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Press Release: DISH Tops Satellite and Cable in American Customer Satisfaction Index

Discussion in 'General DISH™ Discussion' started by Jason Nipp, May 18, 2010.

  1. Jason Nipp

    Jason Nipp Analog Geek in a Digital World Staff Member Super Moderator DBSTalk Gold Club DBSTalk Club

    Jun 10, 2004
    Subscribers most satisfied, most loyal and have fewest complaints

    ENGLEWOOD, Colo. – May 18, 2010 – DISH Network L.L.C., America’s fastest-growing pay-TV provider, is now No. 1 in customer satisfaction among satellite and cable companies, according to the American Customer Satisfaction Index (ACSI).
    In this year’s survey, DISH Network scored a 71 for customer satisfaction – a significant seven-point increase from 2009 and well above the 2010 pay-TV industry average of 66. DISH Network scored three points higher than DirecTV, four points higher than Cox, 10 points higher than Comcast and Time Warner, and 11 points higher than Charter. Phone companies Verizon and AT&T rated highest in the category with scores of 73 and 72, respectively.
    In addition to receiving the highest scores for customer satisfaction among satellite and cable companies, DISH Network topped satellite and cable in customer loyalty and perceived value. DISH Network also received the fewest complaints in the entire industry for the second year in a row, and advanced in areas of customer expectations and perceived quality, with scores above the industry average.
    “DISH Network’s dramatically-improved ranking in the ACSI survey is testimony to the considerable strides we made over the past year to re-establish our leadership in customer service,” said Charlie Ergen, Chairman, President and CEO of DISH Network. “We know our customers have many choices when it comes to TV, which is why we remain committed to providing them with best-in-class service at an unmatched value.”
    The ACSI is a national economic indicator of customer evaluations of the quality of products and services available to U.S. household consumers, and reflects customers’ overall satisfaction with the service. Consumers were surveyed in the first quarter of 2010 for their ratings about perceived overall quality, perceived value and expectations. The ACSI survey is produced by the Stephen M. Ross Business School at the University of Michigan, in partnership with the American Society for Quality and the international consulting firm CFI Group.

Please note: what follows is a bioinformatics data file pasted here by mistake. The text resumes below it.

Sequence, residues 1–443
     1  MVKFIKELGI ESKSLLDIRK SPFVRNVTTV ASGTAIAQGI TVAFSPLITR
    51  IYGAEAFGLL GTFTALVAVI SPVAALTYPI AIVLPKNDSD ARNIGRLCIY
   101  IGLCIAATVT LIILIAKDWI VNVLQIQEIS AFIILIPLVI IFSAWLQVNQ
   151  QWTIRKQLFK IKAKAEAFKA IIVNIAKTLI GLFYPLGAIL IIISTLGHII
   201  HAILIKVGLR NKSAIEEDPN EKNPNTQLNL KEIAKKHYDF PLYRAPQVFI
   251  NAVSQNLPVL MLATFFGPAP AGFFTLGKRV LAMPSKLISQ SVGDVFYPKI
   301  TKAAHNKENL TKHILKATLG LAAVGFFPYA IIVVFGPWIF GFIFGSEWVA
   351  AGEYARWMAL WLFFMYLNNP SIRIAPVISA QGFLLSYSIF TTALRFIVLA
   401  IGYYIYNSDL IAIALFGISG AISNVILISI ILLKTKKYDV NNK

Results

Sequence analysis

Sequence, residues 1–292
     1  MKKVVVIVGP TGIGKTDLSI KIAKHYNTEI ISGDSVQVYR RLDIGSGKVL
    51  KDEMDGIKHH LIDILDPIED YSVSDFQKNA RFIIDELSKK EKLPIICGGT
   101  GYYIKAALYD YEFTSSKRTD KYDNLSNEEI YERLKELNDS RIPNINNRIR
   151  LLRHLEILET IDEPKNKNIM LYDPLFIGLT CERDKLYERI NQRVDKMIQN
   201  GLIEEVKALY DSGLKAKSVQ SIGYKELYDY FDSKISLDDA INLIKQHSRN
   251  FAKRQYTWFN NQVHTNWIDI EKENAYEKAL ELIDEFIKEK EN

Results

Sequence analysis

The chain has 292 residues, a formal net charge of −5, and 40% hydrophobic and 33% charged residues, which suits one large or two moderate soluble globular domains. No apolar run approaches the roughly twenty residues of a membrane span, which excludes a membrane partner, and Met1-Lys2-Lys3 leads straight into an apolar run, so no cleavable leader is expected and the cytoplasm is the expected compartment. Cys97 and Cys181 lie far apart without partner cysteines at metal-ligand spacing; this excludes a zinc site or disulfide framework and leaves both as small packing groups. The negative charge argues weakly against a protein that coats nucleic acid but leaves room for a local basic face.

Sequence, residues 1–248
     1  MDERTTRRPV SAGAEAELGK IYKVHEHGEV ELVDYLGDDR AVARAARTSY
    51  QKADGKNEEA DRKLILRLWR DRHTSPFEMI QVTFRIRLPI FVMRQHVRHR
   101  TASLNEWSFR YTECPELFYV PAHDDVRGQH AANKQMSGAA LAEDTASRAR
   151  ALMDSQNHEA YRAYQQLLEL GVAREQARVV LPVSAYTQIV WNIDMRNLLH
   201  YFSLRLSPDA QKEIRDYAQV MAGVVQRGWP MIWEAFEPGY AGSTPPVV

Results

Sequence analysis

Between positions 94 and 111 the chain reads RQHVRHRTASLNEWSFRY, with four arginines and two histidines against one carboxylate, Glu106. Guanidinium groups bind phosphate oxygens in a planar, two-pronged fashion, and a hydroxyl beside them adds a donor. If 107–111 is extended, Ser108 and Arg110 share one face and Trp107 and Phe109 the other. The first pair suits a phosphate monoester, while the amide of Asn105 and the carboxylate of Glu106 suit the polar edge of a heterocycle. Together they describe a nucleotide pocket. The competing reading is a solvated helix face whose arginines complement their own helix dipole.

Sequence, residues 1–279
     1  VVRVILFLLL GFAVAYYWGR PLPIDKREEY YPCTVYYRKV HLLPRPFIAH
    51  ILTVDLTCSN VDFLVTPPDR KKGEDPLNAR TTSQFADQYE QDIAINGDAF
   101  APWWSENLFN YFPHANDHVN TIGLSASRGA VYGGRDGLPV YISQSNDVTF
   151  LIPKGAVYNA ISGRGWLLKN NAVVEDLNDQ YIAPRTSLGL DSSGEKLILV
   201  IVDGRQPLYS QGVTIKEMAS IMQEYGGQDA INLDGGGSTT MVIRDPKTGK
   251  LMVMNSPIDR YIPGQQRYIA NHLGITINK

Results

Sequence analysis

About DISH Network
    DISH Network L.L.C., a subsidiary of DISH Network Corporation (NASDAQ: DISH), provides more than 14.3 million satellite TV customers, as of March 31, 2010, with the highest quality programming and technology at the best value, including the lowest all-digital price nationwide. Customers have access to hundreds of video and audio channels, the most HD channels, the most international channels, state-of-the-art interactive TV applications, and award-winning HD and DVR technology including 1080p Video on Demand and the ViP® 722 HD DVR, a CNET and PC Magazine “Editors’ Choice.” DISH Network Corporation is included in the Nasdaq-100 Index (NDX) and is a Fortune 200 company. Visit www.dish.com, follow on Twitter, @dishnetwork (www.twitter.com/dishnetwork), or become a Fan on Facebook, www.facebook.com/dishnetwork.
  2. GrumpyBear

    GrumpyBear Hall Of Fame

    Feb 1, 2006
    Good job Dish. Now they need to beat the Telco's.
  3. Aztec Pilot

    Aztec Pilot Legend

    Oct 11, 2007
    Improvement in customer service is always welcome. Nice job!
  4. phrelin